Thinking About Surface 3 and the Future

Posted on June 24, 2016 by Paul Thurrott in Microsoft Surface with 0

Thinking About Surface 3 and the Future

With Microsoft set to end Surface 3 manufacturing this year—Brad broke that story last night—I have a few thoughts about the end of this little device and what Microsoft might have planned for the future.

The presumption, of course, is that Microsoft would follow-up Surface 3 with—wait for it—Surface 4, and there are many theories about what improvements such a device might bring: Faster, possibly Core M-based, processors, USB-C connectivity (which Microsoft should bring to all Surface devices and drop its pointless and proprietary Surface Connector), and, most important, faster storage.

Those are all good ideas. They’re also a bit too obvious, I think.

By which I mean, yes, maybe Microsoft will release a Surface 4. If it does so, it should release that device before the December 2016 end of manufacturing date that we just found out about. That way, consumers and students who wish to buy such a device won’t face an availability gap. After all, you can still buy Surface Pro 3 today, and Surface Pro 4 has been in market since last November.

But maybe Microsoft won’t release a Surface 4. Maybe, just maybe, Surface phone—one of the biggest open secret in Microsoft’s history—is the device that replaces Surface 4.

Think about it.

While the strategy has evolved somewhat since the first devices were announced in 2012, Surface has always been about two things: Bringing innovation and Apple-style premium quality to the PC industry. And do so by inventing new form factors and usage cases.

Surface 3 doesn’t achieve any of that, not really. It’s just a cost-reduced, mini-sized version of Surface Pro. And with the new emphasis on the premium part of the Surface strategy, I’ve been wondering what role a non-Pro Surface could play going forward.

Critics of this thinking will point out, and rightfully so, that Surface 3 is important because it provides a way for cash-constrained consumers, especially students, to buy into the Surface lineup and receive some modicum of Surface quality.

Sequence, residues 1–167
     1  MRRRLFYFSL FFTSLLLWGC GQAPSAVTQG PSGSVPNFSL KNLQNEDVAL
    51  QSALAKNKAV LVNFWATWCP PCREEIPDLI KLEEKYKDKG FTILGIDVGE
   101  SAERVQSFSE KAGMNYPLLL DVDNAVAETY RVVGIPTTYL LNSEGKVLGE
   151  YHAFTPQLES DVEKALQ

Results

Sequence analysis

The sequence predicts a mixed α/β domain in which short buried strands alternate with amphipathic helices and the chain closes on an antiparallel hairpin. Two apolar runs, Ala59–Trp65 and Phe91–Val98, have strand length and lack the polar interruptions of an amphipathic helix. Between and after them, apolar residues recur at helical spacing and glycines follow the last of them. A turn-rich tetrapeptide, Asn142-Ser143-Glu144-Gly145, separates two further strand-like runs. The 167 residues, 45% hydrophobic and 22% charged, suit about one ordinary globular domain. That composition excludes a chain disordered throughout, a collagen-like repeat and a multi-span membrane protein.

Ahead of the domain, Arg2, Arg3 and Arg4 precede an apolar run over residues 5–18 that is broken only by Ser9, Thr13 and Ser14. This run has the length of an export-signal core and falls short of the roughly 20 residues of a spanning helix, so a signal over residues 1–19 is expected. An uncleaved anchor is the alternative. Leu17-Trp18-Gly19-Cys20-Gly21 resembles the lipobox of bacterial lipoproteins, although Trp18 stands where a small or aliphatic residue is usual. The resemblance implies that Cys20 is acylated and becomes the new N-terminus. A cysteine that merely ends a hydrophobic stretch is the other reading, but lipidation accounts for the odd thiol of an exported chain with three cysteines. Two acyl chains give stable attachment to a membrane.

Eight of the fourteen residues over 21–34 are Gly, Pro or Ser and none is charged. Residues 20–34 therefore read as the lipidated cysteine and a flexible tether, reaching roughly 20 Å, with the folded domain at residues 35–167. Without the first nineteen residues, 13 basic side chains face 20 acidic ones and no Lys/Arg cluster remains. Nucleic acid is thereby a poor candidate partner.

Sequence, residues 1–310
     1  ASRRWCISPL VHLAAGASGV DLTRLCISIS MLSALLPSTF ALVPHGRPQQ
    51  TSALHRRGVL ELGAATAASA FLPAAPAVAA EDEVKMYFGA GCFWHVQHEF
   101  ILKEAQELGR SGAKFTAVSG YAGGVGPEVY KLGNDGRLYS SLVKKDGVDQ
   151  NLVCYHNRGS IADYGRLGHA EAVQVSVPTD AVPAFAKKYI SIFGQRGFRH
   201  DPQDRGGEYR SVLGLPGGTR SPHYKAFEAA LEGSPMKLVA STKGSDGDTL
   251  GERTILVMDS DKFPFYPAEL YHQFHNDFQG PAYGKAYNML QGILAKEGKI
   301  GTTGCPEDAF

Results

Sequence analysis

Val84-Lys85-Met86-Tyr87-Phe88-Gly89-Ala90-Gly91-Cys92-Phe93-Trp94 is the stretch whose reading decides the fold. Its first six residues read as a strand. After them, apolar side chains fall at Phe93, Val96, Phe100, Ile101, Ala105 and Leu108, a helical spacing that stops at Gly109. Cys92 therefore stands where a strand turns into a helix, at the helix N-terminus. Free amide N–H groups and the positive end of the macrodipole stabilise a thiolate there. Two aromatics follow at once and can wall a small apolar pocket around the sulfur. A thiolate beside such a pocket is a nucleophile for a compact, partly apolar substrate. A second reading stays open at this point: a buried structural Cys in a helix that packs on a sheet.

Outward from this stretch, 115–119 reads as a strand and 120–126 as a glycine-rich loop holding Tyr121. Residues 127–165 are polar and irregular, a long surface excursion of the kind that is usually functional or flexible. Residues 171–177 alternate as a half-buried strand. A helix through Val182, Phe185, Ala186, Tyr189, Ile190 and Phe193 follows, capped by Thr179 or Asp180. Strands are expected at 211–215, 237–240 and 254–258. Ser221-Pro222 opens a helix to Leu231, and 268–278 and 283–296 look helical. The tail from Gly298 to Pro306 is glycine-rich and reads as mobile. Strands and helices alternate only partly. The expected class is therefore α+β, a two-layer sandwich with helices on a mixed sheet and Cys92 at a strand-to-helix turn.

But Surface really isn’t about doing things in half measures. Constrained by its super-slow eMMC storage and paltry Intel Atom processor, not to mention its Fisher Price-sized screen, Surface 3 isn’t a baby BMW. It’s a Cadillac Cimarron. By which I mean it’s a fake, something that looks like a Surface but does not embody the ideals of Surface.

Surface phone—which Mary Jo Foley feels should really be thought of as “Surface Mobile,” an excellent idea—certainly comes with its own issues, not the least of which is its ARM-based Windows 10 Mobile OS, which is incompatible with the Windows desktop applications we all know and love. But Surface phone could also address the inherent unSurfaceness, if you will, of Surface 3.

That is, Surface phone could bring innovation and Apple-style premium quality to the PC industry, and do so by inventing new form factors and usage cases. Instead of being a smaller, cost-reduced Surface Pro, Surface phone could be a 2-in-1 device that transforms between a phone and PC.

That this is already being done by HP with the upcoming Elite x3 shouldn’t be an issue: HP is targeting businesses exclusively with that device and will rely on complex and costly datacenter-based virtualization technologies to deliver Windows desktop applications. Microsoft doesn’t need to worry about such things: A Surface phone, constrained by the available UWP apps in the Windows Store would be just enough computing for most students, something that is about as simple as, but in some ways more powerful than, an iPad Pro. Oh, and lookee here: It’s a phone too.

What physical form this could take is open to debate. HP is shipping a desktop dock for the x3, and an empty laptop shell that connects wirelessly. Microsoft might do the same—it already has the dock—but … it might not. Perhaps its empty shell is a tablet design with a removable keyboard cover. It could look and work just like Surface 3, actually. Surface Pen support? Obviously.

But the specifics don’t matter. Panos Panay and his team have been working for over a year on Surface phone, and the memory of Surface mini is still fresh: A Surface phone needs to fill a real gap in the product lineup, have some potential for success, and must be unique in the market, and trigger PC makers to ape the design in their own products. Surface 3 didn’t really achieve any of this. It was just cheaper in every sense of the word, and that is not what Surface is all about.

Remember. PC makers already offer many excellent low-cost PCs, some of which cost as little as $200. Surface, like Apple, has no business being in that market. But a Surface phone that could transform into a real tablet or PC? Now that is something interesting, at least, and something that could justify the prices Surface 3 now commands. And that device could be a great follow-up to Surface 3.

Whatever Microsoft does next in this space, I just hope its more compelling than a cheap Surface Pro.


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